Working with my local NCBI chapter, we began hosting the one-day prejudice reduction workshops here at Porter College at the University of California at Santa Cruz during the Resident Advisor Selection Process that generally begins in late January or early February. All workshops are lead by two or more facilitators. I prefer to have about four facilitators who come from a variety of backgrounds. Attendance is totally voluntary; however, we encourage students who wish to become Resident Advisors to participate. Held on a Saturday, we generally have about 40 residents (out of a population of about 600) attend our training. Of these 40 residents generally 3 to 4 become Resident Advisors with another 3 or 4 becoming orientation leaders. However, all 40 residents are now able to effectively begin addressing oppression wherever they might encounter it. And that’s a very good thing for all of us.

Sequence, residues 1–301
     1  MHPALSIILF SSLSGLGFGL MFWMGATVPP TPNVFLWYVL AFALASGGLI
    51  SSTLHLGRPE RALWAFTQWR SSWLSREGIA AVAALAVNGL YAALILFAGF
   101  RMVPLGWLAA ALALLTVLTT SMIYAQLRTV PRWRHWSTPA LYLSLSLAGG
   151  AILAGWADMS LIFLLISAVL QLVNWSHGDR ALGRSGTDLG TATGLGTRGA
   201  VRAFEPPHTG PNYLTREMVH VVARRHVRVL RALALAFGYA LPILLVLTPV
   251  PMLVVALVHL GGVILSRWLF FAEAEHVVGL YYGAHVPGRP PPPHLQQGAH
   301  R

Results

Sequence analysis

Training for Student Facilitators
One of the most beneficial aspects of this program is the additional training that is offered by NCBI for people who want to become facilitators. Thus far, I have been able to take 6 students to the three-day Train the Trainers sessions. This has allowed us to have student facilitators for our one-day workshops. I have found that the residents respond very openly to other students as facilitators and, in addition, I have the wonderful opportunity to work with these trained student facilitators in other workshops.
Submitted by Jeanine Cowan, Coordinator for Residential Education at Porter College at the University of California at Santa Cruz